Jan 22, 2016

East Turkestan: Uyghur Inmate Abused for not Speaking Mandarin

An ethnic Uyghur serving a 3-year sentence at a detention centre in East Turkestan has reported suffering severe physical abuses for not speaking Mandarin. Ghojimemet Abduljappur, arrested due to “illegal petitioning” on unfair compensation for the confiscation of his land, claimed that prison guards beat him for believing that he intentionally refused to read and speak Mandarin Chinese.

Below is an article by RFA

Prison authorities in a southern prefecture of China’s far-western Xinjiang region physically abused a Uyghur petitioner while he was serving a three-year jail term for “illegal petitioning," knocking out three of his teeth because they believed he intentionally refused to read and speak Mandarin Chinese, the prisoner said.

Ghojimemet Abdujappar, 52, had served a three-year sentence at a detention facility in Hotan (Hetian, in Chinese) prefecture because he and some family members traveled to Beijing in May 2010 to complain to central government authorities and foreign diplomats about inadequate compensation for the confiscation of his land.

After the group visited the United Nations’ office and the U.S., British and German embassies, police took them to the Xinjiang region’s administrative offices in the capital before sending them back home.

After Abdujappar returned to Hotan, authorities arrested and jailed him for three years for illegal petitioning.

The prison guards beat and kicked him because they believed he could read and understand spoken Mandarin Chinese, although his language abilities were poor, he told RFA’s Uyghur Service last week from Manglay town in Qaraqash (Moyu) county, where he is under house arrest in a rented dwelling.

“My mistake was that I couldn’t read the regulations of the detention center in Mandarin Chinese, because I never went to a Chinese school,” he said, adding that authorities believe he was faking. 

“They said, ‘You could go Beijing without a translator and complain about your situation to the central government, so how is it that you cannot read the regulations of detention center?’” he said.

Abdujappar said he had translated his documents into Chinese from the Uyghur language at a translation center and used a translator when he arrived in Beijing. Uyghur is a Central Asian language in the same family as Turkish and has no relation to Chinese.

“But the guards still pushed me to speak Chinese,” he said.

At first when he was detained, he counted aloud from one to 10 in Chinese in front of prison authorities to show that his language skills were poor, he said. 

One Han Chinese guard asked Abdujappar why he was lying to them about his ability to understand and speak Chinese, but yet traveled to Beijing to petition, he said.

“How could you have you been in front of a foreign embassy in Beijing?” the guard asked Abdujappar, before punching him in the mouth. While Abdujappar was on the ground, another Han Chinese guard kicked him the face, he said.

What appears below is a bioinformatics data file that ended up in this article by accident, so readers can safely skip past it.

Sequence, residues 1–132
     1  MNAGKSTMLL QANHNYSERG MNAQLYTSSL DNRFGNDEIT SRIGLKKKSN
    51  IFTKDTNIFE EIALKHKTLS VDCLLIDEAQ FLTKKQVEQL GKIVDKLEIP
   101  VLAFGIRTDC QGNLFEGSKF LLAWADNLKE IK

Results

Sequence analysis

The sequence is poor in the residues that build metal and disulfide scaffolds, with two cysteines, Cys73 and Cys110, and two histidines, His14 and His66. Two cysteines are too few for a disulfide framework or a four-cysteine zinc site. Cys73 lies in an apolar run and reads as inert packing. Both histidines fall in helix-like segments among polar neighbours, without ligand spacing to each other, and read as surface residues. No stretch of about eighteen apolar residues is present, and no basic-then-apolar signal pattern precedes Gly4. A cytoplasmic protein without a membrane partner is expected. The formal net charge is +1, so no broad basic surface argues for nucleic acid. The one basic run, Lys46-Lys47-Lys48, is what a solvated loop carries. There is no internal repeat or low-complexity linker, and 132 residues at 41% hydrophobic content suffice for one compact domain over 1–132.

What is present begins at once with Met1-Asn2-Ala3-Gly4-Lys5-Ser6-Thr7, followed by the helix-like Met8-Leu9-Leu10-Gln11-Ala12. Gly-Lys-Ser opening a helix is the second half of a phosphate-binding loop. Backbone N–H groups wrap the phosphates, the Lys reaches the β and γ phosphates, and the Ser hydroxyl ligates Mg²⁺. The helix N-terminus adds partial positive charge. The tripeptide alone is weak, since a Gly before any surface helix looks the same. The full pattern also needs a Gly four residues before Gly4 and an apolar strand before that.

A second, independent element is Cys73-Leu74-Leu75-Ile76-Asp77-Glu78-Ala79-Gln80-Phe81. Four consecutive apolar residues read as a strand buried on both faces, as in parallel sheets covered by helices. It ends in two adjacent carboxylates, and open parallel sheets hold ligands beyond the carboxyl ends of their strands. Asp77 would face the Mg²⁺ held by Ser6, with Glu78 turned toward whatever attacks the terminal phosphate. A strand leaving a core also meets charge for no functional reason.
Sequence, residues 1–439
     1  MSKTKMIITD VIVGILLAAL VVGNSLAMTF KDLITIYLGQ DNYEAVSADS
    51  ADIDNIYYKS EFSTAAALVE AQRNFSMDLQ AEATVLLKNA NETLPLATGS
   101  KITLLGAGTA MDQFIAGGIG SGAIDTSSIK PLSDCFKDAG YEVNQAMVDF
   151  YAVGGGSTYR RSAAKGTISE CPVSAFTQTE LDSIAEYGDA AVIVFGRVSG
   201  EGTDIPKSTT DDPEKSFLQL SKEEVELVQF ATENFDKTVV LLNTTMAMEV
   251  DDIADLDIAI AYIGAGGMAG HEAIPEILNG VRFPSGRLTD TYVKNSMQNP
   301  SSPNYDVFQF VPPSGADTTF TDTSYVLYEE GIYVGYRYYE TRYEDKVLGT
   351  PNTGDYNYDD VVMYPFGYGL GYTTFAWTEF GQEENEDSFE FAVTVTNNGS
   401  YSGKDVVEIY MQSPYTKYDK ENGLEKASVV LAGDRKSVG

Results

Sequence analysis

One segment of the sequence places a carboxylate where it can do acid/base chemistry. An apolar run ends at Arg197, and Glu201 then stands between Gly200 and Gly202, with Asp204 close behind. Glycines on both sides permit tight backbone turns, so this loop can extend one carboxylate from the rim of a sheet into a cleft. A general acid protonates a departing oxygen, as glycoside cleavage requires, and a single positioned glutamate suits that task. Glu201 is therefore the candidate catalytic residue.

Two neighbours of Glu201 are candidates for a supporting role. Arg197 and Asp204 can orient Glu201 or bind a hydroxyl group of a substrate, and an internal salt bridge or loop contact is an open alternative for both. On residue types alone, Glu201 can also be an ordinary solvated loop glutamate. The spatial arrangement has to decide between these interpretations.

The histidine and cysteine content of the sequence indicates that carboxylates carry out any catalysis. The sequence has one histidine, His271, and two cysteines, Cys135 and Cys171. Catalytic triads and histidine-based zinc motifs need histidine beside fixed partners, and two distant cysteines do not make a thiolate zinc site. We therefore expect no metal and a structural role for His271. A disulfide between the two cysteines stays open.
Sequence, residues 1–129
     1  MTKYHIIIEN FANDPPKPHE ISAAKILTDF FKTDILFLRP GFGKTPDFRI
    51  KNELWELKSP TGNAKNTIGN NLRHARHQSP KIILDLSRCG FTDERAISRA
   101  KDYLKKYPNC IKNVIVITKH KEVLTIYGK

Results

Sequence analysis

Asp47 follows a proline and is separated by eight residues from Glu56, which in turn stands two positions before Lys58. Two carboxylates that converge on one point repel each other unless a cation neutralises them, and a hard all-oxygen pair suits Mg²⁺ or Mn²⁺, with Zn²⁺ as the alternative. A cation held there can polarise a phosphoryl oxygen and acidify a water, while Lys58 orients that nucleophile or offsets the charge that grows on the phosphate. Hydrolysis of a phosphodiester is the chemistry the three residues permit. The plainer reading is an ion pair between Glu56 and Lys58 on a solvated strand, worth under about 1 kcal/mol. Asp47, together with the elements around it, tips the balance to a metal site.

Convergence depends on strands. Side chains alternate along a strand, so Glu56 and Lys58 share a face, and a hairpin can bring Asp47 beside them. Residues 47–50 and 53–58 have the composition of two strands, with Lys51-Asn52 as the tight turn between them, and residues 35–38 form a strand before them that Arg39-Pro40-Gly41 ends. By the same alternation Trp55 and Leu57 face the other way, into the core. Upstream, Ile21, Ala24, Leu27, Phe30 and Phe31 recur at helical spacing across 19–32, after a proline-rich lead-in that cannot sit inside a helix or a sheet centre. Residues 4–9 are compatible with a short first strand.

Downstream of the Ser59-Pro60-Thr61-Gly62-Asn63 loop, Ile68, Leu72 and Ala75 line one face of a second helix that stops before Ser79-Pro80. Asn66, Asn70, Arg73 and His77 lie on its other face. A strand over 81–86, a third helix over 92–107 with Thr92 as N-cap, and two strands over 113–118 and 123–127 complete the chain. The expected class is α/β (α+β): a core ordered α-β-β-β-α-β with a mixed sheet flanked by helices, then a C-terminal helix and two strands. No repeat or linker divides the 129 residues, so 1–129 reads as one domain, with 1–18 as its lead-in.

“In the beginning, I was wondering why these people hated me so much and why they treated me so inhumanely, although there was no personal animosity between us,” he said.

But Abdujappar added that he was aware that the guards could keep their jobs only if they treated prisoners ruthlessly.

Abdujappar’s grievance against local authorities began in 2008 when they confiscated his house and farmland to make way for a government office without paying him fair compensation, he said.

“I wasn’t against it, but I should have been compensated fairly, because I had to buy another house and more land to continue my life,” he said. “My request was so simple, but it was rejected.”

When Abdujappar and his three brothers and one sister traveled to Beijing to petition authorities about the situation two years later, they expected central government officials to believe them and take up their case. But instead, the authorities called the police to transfer the Uyghurs to the Xinjiang region’s administrative office in Beijing.

Three months later, authorities in Hotan jailed Abdujappar and his brothers on sentences of one to three years for illegal petitioning, he said. His sister was held in detention for 48 days, then released without being charged.

Mettursun Yasin, the chief of the village where Abdujappar’s family is from, told RFA that he was at the Hotan Middle Court when the four men were sentenced.

“Ghojimemet Abdujappar was so healthy, and his teeth were [intact],” Yasin said. “He did not have a criminal background except for his continuous petitioning.”

Higher-up authorities had ordered village officials to compensate Abdujappar very well, Yasin said, but the village was so poor that it did not have any sources of income or bank savings.

“The higher-up authorities must pay him properly instead of transferring the case to us,” Yasim said.

The mostly Muslim Uyghurs have complained about pervasive ethnic discrimination, religious repression, and cultural suppression and other injustices by Chinese authorities under its series of “strike hard” campaigns in Xinjiang in the name of fighting separatism, religious extremism and terrorism. Authorities are quick to quell all forms of dissent, including petitioning.